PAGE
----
Summer camp provides stability and structure in the midst of chaotic times for these children. Activities include team building, swimming and swimming lessons, exploring the great outdoors, playing sports and games, studying nature and wildlife, talent shows and lots more! The camping experience lasts for 10 weeks.

There are two ways the community can help: 1) Purchase items (from the list below) and drop them off to us. You can do this as an individual, or you can organize a drive through your company, church or organization. 2) Donate online and we will purchase the items for the children. We are in need of the following for boys and girls from 5 to 16 years of age (all sizes):

Beach towels and wash cloths
Refillable water bottles
Swimsuits (one piece only)*
Caps and hats*
Athletic Shoes*
Beach bags
Water shoes and flip flops*
Insect repellent
Travel size toothpaste, toothbrushes
Travel size deodorant and soap
Travel size hand cleanser
Sheets, light sleeping bags, light blankets*
Pillows and pillow cases
Modest t-shirts*
Sunscreen (SPF 30)
Flashlights with new batteries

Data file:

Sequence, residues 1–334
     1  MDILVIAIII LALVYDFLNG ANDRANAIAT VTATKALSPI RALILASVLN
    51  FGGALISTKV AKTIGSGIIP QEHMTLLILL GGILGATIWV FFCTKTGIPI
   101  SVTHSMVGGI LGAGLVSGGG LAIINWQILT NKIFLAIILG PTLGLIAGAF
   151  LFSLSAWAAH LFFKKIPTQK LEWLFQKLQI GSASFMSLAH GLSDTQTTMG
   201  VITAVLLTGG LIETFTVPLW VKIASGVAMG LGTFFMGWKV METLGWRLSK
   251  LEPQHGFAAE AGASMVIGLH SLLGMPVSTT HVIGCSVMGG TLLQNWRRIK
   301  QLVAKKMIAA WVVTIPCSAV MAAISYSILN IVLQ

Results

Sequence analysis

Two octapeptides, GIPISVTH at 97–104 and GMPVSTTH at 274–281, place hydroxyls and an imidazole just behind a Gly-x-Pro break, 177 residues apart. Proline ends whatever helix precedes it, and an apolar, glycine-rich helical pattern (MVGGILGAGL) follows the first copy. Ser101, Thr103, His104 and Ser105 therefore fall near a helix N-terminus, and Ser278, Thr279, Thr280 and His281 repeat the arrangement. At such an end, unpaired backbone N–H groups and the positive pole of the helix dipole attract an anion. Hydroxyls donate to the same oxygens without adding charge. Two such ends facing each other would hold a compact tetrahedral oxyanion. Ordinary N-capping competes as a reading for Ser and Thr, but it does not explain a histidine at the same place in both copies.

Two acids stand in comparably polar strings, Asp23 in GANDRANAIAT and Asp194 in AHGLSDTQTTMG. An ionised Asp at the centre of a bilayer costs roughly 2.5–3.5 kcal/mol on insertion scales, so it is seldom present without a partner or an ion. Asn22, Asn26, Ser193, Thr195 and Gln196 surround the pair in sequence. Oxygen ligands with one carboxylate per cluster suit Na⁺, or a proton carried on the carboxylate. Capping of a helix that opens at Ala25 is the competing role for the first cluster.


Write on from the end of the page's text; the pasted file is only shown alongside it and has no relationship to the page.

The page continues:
Travel size packaged snacks

*We have the biggest need for children ages 10 – 12.

Drop Off Locations

Donations may be dropped off beginning May 29, Monday thru Friday 9 am to 4 pm at 10711 Burnet Road, Suite 231, Austin, 78758, or in Georgetown at 307 Shannon Lane.

Contact Us

Please contact Donna Clendennen at 512-634-5921 or to organize a large drop-off or collection drive with your church, company or organization. The deadline for donations is June 11. Should you wish to donate by mail, please mark your check “camp supplies” and send it to: The Salvation Army, P.O. Box 1000, Austin, TX, 78767. For on-line giving:

About The Salvation Army

The Salvation Army, an evangelical part of the universal Christian church established in 1865, has been supporting those in need in His name without discrimination for 130 years in the United States. Nearly 30 million Americans receive assistance from The Salvation Army each year through the broadest array of social services that range from providing food for the hungry, relief for disaster victims, assistance for the disabled, outreach to the elderly and ill, clothing and shelter to the homeless and opportunities for underprivileged children. 82 cents of every dollar spent is used to carry out those services in 5,000 communities nationwide.